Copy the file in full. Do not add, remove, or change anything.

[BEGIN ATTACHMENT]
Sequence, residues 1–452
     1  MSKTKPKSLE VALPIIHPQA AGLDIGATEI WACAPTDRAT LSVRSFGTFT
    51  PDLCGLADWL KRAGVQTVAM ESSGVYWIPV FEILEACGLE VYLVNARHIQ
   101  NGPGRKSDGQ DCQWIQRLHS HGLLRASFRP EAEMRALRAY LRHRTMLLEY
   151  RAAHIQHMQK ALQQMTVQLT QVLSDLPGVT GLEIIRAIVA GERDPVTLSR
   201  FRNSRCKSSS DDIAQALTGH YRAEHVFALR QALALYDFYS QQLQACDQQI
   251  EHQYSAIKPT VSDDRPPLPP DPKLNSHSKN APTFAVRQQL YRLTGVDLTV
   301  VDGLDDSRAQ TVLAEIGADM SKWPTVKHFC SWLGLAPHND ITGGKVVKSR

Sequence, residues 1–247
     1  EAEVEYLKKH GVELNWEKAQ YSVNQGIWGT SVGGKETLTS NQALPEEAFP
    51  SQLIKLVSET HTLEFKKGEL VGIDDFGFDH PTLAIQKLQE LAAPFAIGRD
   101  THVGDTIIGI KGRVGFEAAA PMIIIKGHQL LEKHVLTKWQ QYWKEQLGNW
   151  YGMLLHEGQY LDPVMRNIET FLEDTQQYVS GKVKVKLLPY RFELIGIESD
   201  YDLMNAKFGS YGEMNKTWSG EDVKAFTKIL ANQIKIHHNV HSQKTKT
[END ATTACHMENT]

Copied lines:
Sequence, residues 1–452
     1  MSKTKPKSLE VALPIIHPQA AGLDIGATEI WACAPTDRAT LSVRSFGTFT
    51  PDLCGLADWL KRAGVQTVAM ESSGVYWIPV FEILEACGLE VYLVNARHIQ
   101  NGPGRKSDGQ DCQWIQRLHS HGLLRASFRP EAEMRALRAY LRHRTMLLEY
   151  RAAHIQHMQK ALQQMTVQLT QVLSDLPGVT GLEIIRAIVA GERDPVTLSR
   201  FRNSRCKSSS DDIAQALTGH YRAEHVFALR QALALYDFYS QQLQACDQQI
   251  EHQYSAIKPT VSDDRPPLPP DPKLNSHSKN APTFAVRQQL YRLTGVDLTV
   301  VDGLDDSRAQ TVLAEIGADM SKWPTVKHFC SWLGLAPHND ITGGKVVKSR

Sequence, residues 1–247
     1  EAEVEYLKKH GVELNWEKAQ YSVNQGIWGT SVGGKETLTS NQALPEEAFP
    51  SQLIKLVSET HTLEFKKGEL VGIDDFGFDH PTLAIQKLQE LAAPFAIGRD
   101  THVGDTIIGI KGRVGFEAAA PMIIIKGHQL LEKHVLTKWQ QYWKEQLGNW
   151  YGMLLHEGQY LDPVMRNIET FLEDTQQYVS GKVKVKLLPY RFELIGIESD
   201  YDLMNAKFGS YGEMNKTWSG EDVKAFTKIL ANQIKIHHNV HSQKTKT